After a summer of pressure by music supporters at Riverside-Brookfield High School choir teacher Kayley Smetana is back and teaching the same three choir classes that she taught last year.
In the spring, Smetana’s teaching load had been cut to just one class and many music students and their parents feared she would leave RBHS. For three consecutive school board meetings over the summer, music parents, alumni, students and some community allies, turned out in force, imploring the school board to fund three full-time music teachers at RBHS.
Last week, the school board approved increasing Smetana’s teaching load this year to three classes, up from the one that she was given last spring. That is still shy of the five classes that a full-time teacher teaches, so this year Smetana, who is starting her third year at the school, will be paid $39,344.46 as a teacher.
She will also earn $21.50 an hour working as a study hall supervisor and also will be paid $930 to serve as the faculty sponsor of the A Capella Club.
The administration freed up two classes for Smetana by splitting the jazz band class into two sections and having the school’s other music teachers, James Baum and Matthew Loeb team teach the symphonic band class.
Those adjustments mirrored recommendations made by music supporters and came after three music advocates met with Superintendent Kevin Skinkis, Assistant Principal for Curriculum and Instruction Kylie Lindquist and school board president Deanna Zalas on Aug. 1.
Skinkis and Zalas said that the decision to increase Smetana’s teaching load was made prior to the meeting.
While the music supporters are happy Smetana will again teach all three choir classes, they said that they would continue to press school officials for three full-time music teachers.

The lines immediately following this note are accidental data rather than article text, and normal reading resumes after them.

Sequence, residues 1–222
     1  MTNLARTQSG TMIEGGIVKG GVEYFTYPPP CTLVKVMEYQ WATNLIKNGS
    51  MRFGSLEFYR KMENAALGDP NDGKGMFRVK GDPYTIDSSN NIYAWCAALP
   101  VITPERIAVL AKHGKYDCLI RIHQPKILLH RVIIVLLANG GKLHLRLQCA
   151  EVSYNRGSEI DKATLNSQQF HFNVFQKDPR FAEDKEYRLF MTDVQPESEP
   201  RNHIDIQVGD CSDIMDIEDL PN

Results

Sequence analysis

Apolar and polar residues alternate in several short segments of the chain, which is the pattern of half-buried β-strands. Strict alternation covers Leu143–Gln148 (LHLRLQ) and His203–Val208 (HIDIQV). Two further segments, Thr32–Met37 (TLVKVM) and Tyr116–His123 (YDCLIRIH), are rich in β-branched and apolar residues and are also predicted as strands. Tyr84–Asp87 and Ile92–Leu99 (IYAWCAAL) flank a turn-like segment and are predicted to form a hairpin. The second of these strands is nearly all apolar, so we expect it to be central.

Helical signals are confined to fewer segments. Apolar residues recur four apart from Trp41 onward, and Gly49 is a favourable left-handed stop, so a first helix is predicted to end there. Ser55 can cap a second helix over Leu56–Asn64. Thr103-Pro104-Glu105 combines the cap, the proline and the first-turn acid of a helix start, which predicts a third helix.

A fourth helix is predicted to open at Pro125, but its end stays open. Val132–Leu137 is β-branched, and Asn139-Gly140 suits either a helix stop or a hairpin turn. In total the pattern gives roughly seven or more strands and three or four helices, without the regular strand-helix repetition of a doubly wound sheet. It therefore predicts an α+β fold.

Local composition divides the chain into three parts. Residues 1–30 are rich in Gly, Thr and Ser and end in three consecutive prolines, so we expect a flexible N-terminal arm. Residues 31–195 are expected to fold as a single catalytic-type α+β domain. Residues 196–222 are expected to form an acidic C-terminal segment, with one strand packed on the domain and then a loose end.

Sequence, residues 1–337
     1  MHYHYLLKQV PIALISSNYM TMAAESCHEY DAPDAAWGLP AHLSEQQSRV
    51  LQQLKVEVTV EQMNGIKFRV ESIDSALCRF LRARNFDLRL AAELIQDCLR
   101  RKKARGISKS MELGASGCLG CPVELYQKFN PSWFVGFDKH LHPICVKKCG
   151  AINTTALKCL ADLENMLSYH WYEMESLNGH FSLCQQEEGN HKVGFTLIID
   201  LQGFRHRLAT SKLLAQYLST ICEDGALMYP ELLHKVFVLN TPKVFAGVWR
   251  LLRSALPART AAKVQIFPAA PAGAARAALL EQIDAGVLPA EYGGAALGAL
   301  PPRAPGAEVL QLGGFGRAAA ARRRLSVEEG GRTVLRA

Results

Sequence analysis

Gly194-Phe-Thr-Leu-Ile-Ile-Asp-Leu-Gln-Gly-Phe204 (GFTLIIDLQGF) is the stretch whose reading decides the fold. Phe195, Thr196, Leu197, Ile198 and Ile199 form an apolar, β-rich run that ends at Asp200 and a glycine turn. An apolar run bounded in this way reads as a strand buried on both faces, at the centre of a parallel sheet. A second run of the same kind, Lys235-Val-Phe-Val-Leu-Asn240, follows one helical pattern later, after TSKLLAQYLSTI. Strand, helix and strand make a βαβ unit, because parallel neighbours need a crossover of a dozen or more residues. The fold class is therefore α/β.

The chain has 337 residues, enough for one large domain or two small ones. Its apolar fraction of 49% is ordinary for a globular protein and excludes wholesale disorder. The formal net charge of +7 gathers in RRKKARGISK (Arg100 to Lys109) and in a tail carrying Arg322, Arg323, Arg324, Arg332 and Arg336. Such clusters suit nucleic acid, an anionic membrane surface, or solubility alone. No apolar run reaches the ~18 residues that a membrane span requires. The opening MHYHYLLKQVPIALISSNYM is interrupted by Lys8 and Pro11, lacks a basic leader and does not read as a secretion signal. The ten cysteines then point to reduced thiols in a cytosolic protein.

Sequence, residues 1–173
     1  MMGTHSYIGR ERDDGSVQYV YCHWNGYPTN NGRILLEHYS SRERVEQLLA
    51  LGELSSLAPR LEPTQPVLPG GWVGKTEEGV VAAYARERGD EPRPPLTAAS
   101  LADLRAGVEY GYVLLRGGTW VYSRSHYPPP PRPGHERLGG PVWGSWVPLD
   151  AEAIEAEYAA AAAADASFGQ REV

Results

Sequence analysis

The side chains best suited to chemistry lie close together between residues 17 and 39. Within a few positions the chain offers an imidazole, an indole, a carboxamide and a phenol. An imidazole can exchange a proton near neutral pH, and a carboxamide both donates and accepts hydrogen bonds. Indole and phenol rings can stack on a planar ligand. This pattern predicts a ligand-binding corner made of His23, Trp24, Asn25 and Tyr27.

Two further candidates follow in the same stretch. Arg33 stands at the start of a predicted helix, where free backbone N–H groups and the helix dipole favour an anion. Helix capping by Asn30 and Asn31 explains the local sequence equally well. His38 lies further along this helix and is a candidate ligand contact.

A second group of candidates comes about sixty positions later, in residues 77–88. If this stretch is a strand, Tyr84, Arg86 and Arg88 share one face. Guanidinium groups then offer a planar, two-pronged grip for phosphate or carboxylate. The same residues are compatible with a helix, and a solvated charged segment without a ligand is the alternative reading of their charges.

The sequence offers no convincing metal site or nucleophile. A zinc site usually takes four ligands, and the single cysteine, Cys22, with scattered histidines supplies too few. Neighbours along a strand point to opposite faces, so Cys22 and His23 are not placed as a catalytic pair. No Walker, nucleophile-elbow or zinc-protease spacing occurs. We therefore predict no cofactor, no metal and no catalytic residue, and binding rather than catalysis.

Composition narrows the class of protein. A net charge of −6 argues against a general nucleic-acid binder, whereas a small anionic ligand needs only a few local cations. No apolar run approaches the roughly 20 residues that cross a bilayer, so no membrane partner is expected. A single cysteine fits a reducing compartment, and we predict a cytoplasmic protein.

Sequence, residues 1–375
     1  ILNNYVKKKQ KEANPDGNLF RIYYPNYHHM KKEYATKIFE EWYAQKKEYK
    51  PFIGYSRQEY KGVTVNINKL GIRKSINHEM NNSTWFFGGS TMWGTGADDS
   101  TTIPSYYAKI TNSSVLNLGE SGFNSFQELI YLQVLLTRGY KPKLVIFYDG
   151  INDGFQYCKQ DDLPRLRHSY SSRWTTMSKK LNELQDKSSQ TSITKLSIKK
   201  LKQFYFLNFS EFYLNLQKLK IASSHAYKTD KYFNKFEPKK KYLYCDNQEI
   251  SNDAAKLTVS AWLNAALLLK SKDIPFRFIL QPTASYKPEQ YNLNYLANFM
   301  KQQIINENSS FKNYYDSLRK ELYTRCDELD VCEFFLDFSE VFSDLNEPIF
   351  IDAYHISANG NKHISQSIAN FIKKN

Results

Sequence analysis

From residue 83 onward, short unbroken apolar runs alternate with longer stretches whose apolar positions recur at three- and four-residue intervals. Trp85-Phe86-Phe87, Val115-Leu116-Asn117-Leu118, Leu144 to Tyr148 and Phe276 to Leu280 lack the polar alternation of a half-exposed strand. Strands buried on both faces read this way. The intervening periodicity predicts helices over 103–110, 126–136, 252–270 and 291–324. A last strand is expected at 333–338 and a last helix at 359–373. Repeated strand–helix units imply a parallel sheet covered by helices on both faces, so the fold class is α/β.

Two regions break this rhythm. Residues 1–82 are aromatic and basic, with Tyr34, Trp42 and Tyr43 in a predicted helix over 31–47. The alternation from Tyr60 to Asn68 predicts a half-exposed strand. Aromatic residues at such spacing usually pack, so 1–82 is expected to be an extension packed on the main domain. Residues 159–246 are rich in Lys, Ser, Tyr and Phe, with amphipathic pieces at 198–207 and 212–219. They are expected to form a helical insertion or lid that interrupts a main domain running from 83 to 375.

“The work is not over because we want her to be full time,” said Lisa Janunas, the president of the RBHS Music and Theater Sponsors parent organization. “We still have work to do.”
After the open portion of the school board meeting ended on Aug. 8, school board member Bill Durkin briefly spoke to music advocates.
“Thank you for making us aware,” Durkin told the five music supporters.
Music advocate Kara Kesselring said the summer of advocacy and organizing had been empowering.
“It’s been nice rallying the community,” Kesselring said. “It feels powerful and awesome.”
School officials have always maintained that staffing decisions are driven by enrollment and that the only way RBHS can support three full-time music teachers is to increase enrollment in music classes.
“I think we had a good discussion with them, and they understand the number of enrolled students need to increase,” Zalas said of the meeting with the music supporters.
Zalas said that bumping up Smetana to three classes this year gives music supporters more time to work to increase interest in music classes among younger students.
Skinkis said music teachers at RBHS must build interest in the program.
“They need to continue to work to build enthusiasm for the music program so that we can sustain numbers that warrant the [staffing], or if those numbers could go up maybe we can add more,” Skinkis said
The 35 students who signed up for Jazz Band are being split into two sections, an Honors Jazz Ensemble led and taught by Baum and the Jazz Band taught by Loeb.
The symphonic band class to be co-taught by Baum and Loeb has 47 students in it the first semester but will drop to 36 students second semester.
The three choir classes that Smetana will teach — Chamber Choir, Concert Choir and Madrigal Singers — will have a combined enrollment of 67 students this semester.
Smetana did not respond to a request for comment from the Landmark.
Other music classes being taught this year are Concert Marching Band, Honors Chamber Orchestra, Honors Wind Ensemble, Rock Band, String Orchestra and two classes in studio music production.